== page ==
November 23, 2010

Nov. 23: An unexpected peace

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By Jim Brenneman, president
SCRIPTURE: Isaiah 2:1-5 (NRSV)
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DEVOTIONAL:
Heraclitus, the ancient Greek philosopher, declared, “All things come to pass and perish through strife.” Much later, Thomas Jefferson seemed to agree. “The tree of liberty,” he proclaimed, “must be refreshed from time to time with the blood of patriots and tyrants.” Are we destined to such self-fulfilling prophecies of warfare and violence? Is humanity simply bound by fate to be what Oliver Stone’s movie title suggests, Natural Born Killers?

Against the tide of such political and cultural philosophies, along comes Advent each year to remind us that time and space bend to God’s imaginative alternatives. Isaiah prophesies of an “unexpected hour,” a day when the nations of the world will voluntarily “flow up” the mountain of the Lord, and there under the tutelage of Rabbi God, will submit their differences for mediation. In the end, they will agree to melt down their weapons of war into implements of agriculture and board up their various war colleges forever.

Elsewhere, Isaiah foresees the first Advent as a foretaste of the final Advent, “For unto us a child is born . . .He shall be called the Prince of Peace . . . His authority shall grow continually, and there shall be endless peace” (Isa. 9:6-7a). At the birth of Jesus, the multitude of angels concurred, “glory to God in the highest heaven, and on earth peace!” (Luke 2:14). Is it too much, then, to imagine that the prophetic vision of Isaiah in today’s Advent lesson is more than a distant possibility? Let us devote our hopes, our dreams, our wills and our lives to making this prophecy come true to the blessing of the whole world.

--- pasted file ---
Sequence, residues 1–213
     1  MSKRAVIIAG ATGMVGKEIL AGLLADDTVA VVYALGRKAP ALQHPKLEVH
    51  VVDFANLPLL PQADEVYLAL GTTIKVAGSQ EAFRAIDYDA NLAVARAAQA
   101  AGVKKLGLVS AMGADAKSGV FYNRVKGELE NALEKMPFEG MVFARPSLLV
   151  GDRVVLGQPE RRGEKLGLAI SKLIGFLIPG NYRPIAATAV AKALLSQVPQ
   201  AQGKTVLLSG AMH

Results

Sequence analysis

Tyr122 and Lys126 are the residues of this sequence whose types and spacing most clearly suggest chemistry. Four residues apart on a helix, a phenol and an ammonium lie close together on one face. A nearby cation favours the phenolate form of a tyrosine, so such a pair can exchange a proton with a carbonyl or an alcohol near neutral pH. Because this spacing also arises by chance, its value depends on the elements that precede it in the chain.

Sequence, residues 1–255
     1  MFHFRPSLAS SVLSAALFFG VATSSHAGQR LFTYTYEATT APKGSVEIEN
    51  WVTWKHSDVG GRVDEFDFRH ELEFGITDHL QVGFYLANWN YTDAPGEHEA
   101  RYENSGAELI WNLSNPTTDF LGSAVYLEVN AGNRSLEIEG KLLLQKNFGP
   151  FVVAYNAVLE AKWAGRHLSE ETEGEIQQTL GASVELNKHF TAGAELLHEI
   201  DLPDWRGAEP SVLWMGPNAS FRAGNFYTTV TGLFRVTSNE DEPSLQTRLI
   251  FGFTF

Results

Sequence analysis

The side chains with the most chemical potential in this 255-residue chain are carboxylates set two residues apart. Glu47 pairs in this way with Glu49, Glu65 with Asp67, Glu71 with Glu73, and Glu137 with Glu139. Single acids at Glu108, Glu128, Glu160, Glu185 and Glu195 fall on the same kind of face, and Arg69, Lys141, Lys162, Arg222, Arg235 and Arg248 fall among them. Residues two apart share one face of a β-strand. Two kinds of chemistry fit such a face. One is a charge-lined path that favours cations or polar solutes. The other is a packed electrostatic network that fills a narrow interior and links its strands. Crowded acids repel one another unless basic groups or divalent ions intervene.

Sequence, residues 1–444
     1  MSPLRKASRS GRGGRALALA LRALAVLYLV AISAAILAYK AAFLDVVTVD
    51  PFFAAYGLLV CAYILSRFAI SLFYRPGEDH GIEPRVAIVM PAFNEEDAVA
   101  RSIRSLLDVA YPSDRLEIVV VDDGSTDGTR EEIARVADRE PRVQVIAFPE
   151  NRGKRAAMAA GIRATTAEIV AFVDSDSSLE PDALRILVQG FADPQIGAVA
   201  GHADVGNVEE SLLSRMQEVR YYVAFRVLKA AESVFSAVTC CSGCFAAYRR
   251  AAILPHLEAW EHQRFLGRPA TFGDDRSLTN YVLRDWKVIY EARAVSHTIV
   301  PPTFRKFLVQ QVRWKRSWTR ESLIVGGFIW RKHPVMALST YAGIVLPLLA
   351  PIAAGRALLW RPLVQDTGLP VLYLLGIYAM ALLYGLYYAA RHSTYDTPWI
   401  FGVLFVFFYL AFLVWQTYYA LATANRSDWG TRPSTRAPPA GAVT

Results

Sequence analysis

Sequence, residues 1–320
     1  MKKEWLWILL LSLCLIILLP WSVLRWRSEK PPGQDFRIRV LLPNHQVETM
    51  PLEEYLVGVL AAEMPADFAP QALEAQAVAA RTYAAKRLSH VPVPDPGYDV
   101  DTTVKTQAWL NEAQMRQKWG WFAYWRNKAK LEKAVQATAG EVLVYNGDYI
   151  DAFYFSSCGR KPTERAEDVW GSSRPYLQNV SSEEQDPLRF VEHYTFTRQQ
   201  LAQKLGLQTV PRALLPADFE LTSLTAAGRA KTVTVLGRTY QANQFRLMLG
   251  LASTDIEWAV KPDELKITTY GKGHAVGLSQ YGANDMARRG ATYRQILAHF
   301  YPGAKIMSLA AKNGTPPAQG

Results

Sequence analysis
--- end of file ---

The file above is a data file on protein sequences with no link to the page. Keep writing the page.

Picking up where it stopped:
Prayer

Lord, may the Advent vision of Isaiah come to pass today in our lives, in our homes, in our world. May we find ways to come to God, to learn to mediate our differences, to transform our violent instincts into peaceful practices. In the name of Jesus, the Prince of Peace, Amen.

SCRIPTURE: Isaiah 2:1-5 (NRSV)

The word that Isaiah son of Amoz saw concerning Judah and Jerusalem. In days to come the mountain of the Lord’s house shall be established as the highest of the mountains, and shall be raised above the hills; all the nations shall stream to it. Many peoples shall come and say, “Come, let us go up to the mountain of the Lord, to the house of the God of Jacob; that he may teach us his ways and that we may walk in his paths.” For out of Zion shall go forth instruction, and the word of the Lord from Jerusalem. He shall judge between the nations, and shall arbitrate for many peoples; they shall beat their swords into plowshares, and their spears into pruning hooks; nation shall not lift up sword against nation, neither shall they learn war any more. O house of Jacob, come, let us walk in the light of the Lord!

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Comments (4)

  1. Thanks, Jim, for your thoughtful, insightful, inspiring meditation for this day.

    Stuart W. Showalter November 23, 2010 |
  2. Thank you for the quote from Jefferson during the Advent Season. It brought to mind the French Revolution and the desire for liberty contrasted with the Biblical dreams of liberation and of peace. It is wonderful to dream of peace for our too often broken and enslaved humankind.

    Margie West November 23, 2010 |
  3. Thank you for the bright Star in the darknesses of today. Truly, the Thomas Jefferson quote is and has been used today which makes your words meaningful I don’t find TJ comforting, but the idea of a new Baby is.

    sally November 23, 2010 |
  4. It just jumped out at me that it is not God who becomes the blacksmith, turning spears into pruning hooks. The people are moved enough by what God has taught, to move from warrior to blacksmith to farmer.

    Janee November 23, 2010 |